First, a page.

Nearly two weeks ago, Cornell detected a case of the more contagious and possibly more deadly strain U.K. variant of COVID-19 — but the discovery was lumped into an emergency email about a cluster.
In an email to The Sun on Feb. 17, Gary Koretzky ’78, vice provost for academic integration, wrote that the B.1.1.7 variant had been detected in “a few students” on Feb. 5. The exact number of campus cases tied to the B.1.1.7 variant remains unclear.
There was no previous statement explicitly stating that students had tested positive for this new variant, except for a Feb. 5 email, primarily discussing a COVID cluster, that read, “We’re faced with increased virus prevalence locally and in the nation, and, most recently, the emergence of one of the virus variants in our community.”
At the time, it was unclear if the Feb. 5 email was referring to the emergence of the U.K. variant in Tompkins County or the immediate Cornell community. In the email to The Sun on Feb. 17, Koretzky confirmed that this indicated a case of the variant in a Cornell student, faculty or other member.
“Decisions regarding COVID communications are made with a full consideration of guidance from TCHD and applicable state and federal guidelines and regulations,” Koretzky wrote.
The U.K. variant was first detected in Tompkins County on Jan. 15, in a test that was sequenced by Cornell’s COVID-19 testing lab. According to a statement made on that day by Provost Michael Kotlikoff, the individual was not affiliated with the University.
A later University statement, sent on Jan. 28, urged students to follow public health guidelines in response to these new variants, but the University had not yet identified any cases in students.
Cornell identified the U.K. variant in a “few students” through the arrival testing process, since then COVID-19 testing lab at the College of Veterinary Medicine — which analyzes all of Cornell’s tests — has been conducting full genomic sequencing on the positive samples when there is reason to believe the variant may be present, such as a case tied to international travel.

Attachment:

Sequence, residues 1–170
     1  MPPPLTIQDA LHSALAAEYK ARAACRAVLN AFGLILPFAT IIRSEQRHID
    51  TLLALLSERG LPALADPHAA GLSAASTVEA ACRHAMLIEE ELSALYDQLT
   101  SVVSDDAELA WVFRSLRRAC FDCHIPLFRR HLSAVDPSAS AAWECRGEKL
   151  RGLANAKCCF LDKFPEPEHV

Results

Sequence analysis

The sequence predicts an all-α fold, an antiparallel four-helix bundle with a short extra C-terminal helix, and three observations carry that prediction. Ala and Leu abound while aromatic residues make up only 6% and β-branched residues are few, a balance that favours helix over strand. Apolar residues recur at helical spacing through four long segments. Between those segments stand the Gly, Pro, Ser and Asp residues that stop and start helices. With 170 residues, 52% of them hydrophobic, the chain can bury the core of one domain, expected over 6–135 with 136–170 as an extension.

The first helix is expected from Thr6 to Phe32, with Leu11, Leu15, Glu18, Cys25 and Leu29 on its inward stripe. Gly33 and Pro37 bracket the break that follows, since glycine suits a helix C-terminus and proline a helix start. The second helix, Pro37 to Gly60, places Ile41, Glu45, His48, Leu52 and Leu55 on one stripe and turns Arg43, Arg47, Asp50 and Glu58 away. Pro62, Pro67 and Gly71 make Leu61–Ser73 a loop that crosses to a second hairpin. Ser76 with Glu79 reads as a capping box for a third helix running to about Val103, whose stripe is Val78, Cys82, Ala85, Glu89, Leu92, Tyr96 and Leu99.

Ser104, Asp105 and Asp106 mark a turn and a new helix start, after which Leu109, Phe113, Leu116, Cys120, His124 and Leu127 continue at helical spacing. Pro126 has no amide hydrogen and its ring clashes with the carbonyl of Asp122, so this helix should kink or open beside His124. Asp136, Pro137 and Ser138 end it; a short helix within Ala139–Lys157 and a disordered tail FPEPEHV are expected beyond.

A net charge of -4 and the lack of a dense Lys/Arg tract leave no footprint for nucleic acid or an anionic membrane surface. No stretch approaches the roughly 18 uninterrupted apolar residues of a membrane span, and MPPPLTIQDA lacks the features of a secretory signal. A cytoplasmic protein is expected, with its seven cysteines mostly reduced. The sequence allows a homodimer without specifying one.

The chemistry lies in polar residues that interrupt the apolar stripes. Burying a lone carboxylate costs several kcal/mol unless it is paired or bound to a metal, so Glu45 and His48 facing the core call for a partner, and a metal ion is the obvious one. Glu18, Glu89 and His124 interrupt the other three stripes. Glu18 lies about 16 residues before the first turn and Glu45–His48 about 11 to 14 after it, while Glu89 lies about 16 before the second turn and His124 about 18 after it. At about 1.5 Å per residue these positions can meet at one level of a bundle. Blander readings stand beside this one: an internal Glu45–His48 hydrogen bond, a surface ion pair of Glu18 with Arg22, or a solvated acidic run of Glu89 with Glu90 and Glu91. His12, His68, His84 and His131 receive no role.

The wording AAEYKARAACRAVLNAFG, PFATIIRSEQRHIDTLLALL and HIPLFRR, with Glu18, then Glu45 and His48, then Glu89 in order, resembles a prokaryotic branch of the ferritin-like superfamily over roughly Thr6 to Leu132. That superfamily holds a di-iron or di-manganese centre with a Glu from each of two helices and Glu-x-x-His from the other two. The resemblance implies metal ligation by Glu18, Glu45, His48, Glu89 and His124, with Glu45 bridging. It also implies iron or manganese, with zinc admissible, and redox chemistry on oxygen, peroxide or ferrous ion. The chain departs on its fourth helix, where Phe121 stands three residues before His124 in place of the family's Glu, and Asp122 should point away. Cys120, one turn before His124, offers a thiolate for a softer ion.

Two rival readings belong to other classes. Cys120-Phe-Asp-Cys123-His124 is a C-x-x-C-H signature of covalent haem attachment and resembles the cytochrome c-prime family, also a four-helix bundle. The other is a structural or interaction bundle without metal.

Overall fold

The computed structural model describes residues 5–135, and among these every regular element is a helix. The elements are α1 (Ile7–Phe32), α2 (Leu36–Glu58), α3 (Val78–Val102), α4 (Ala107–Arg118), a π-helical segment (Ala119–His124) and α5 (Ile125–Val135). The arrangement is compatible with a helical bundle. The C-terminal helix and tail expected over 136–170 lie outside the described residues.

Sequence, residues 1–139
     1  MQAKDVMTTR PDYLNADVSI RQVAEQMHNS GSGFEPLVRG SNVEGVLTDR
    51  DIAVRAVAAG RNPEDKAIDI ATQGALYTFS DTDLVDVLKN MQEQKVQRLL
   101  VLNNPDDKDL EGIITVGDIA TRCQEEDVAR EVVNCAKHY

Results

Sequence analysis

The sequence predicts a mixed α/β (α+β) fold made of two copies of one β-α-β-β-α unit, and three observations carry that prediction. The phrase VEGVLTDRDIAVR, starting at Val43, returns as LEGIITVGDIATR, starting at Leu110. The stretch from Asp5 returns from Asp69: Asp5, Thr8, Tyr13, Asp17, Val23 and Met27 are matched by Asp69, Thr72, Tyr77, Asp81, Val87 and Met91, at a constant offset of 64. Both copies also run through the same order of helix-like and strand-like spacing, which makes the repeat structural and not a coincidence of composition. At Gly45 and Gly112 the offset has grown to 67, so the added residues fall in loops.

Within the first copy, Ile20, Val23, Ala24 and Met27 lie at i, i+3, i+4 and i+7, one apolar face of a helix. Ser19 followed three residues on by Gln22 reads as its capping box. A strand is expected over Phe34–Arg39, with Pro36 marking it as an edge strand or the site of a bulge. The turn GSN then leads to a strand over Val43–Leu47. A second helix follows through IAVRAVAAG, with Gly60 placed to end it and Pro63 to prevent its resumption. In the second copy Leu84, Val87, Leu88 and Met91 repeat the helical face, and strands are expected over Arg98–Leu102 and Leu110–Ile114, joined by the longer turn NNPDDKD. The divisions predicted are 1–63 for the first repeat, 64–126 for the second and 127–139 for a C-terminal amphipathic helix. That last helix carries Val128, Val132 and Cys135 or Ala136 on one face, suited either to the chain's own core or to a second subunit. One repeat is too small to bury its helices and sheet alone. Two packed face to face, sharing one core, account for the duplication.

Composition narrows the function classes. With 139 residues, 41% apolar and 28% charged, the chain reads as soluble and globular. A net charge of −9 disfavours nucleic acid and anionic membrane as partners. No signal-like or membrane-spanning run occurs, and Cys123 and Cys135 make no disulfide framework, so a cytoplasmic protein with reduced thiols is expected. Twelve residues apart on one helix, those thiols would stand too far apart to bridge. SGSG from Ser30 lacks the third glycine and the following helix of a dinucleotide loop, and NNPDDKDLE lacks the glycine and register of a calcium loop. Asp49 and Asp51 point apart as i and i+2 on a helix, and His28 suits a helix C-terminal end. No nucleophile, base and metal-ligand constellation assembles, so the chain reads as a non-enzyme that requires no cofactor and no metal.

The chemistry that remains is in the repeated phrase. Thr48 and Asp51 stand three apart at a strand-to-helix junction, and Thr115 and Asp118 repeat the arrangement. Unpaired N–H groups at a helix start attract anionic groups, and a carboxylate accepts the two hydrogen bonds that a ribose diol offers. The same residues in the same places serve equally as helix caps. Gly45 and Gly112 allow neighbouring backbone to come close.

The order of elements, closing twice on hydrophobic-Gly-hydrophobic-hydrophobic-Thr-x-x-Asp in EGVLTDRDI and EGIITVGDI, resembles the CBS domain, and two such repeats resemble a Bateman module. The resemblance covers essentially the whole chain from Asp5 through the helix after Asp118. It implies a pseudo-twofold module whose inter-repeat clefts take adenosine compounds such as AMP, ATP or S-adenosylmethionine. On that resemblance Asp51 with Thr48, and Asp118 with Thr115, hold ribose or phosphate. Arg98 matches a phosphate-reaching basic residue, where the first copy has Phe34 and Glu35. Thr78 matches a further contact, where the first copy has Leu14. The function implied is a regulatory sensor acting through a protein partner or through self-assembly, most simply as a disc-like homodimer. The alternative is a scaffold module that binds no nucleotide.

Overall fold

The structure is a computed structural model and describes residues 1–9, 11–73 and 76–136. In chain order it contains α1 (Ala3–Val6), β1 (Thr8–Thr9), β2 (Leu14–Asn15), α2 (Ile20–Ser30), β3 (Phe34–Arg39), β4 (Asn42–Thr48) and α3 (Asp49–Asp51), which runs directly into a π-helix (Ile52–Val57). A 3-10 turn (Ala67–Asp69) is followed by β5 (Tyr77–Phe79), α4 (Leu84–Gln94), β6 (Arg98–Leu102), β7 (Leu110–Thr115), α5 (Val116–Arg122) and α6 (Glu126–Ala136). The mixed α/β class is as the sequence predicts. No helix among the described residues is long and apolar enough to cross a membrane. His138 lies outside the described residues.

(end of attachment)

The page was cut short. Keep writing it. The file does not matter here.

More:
Koretzky wrote that less than 2 percent of campus cases that the University is aware of are B.1.1.7. Since the email on Feb. 5, campus has seen 232 total COVID-19 cases — which is just shy of two thirds of the number of cases campus saw through the entire fall semester.
“Given that our students were arriving from so many different locations, positive samples underwent additional testing for variants that have been described around the world,” Koretzky wrote. “Due to our aggressive surveillance testing protocol, we have been able to contain the spread of the variant among our student population.”
Currently, the U.S. is dealing with multiple variants that have originated internationally, including variants from Brazil and South Africa.
According to Koretzky, “[o]f the variants described in the literature that may have clinical significance, the only one we have identified is the UK variant.”
A handful of universities have reported cases of the B.1.1.7 variants this semester, including the University of California, Berkeley, University of Texas, Austin, and Tulane University.
All six of the schools that have detected the B.1.1.7 variant in their campus community have issued public statements on the matter. Tulane, Berkeley, University of Miami, UT Austin and University of Washington all issued statements to their campuses. The cases at the University of Michigan were initially reported by the local health department.
While these six institutions are the only ones to report cases of B.1.1.7, typical tests for COVID-19 do not differentiate between the various variants of the virus. So, the only universities that detect these variants are those that are actively searching for them.
Most diagnostic tests, like those used for Cornell’s surveillance tests, only test for the presence or absence of the virus, but full genomic sequencing allows experts to know the full genetic makeup of a virus sample and identify variants.
Similar to the schools that have identified a virus variant, Cornell has not significantly altered its COVID-19 precautions, but has doubled down on its existing pandemic measures, including quarantine and isolation protocols, surveillance testing and physical distancing.
“SARS-CoV-2 variants represent a significant health risk, which we take very seriously. We have sequencing protocols in place to detect the emergence of variants and limit their spread,” Koretzky wrote. “This semester’s enhancements to Cornell’s policies and protocols are aimed to further support students, staff and faculty, and to make our testing, isolation and quarantine protocols even more effective in limiting the virus’s spread.”
With the introduction of the U.K. variant to the campus, Cornell enters the race with the rest of the country — hoping the speed of vaccination can outpace the spread of these more virulent strains.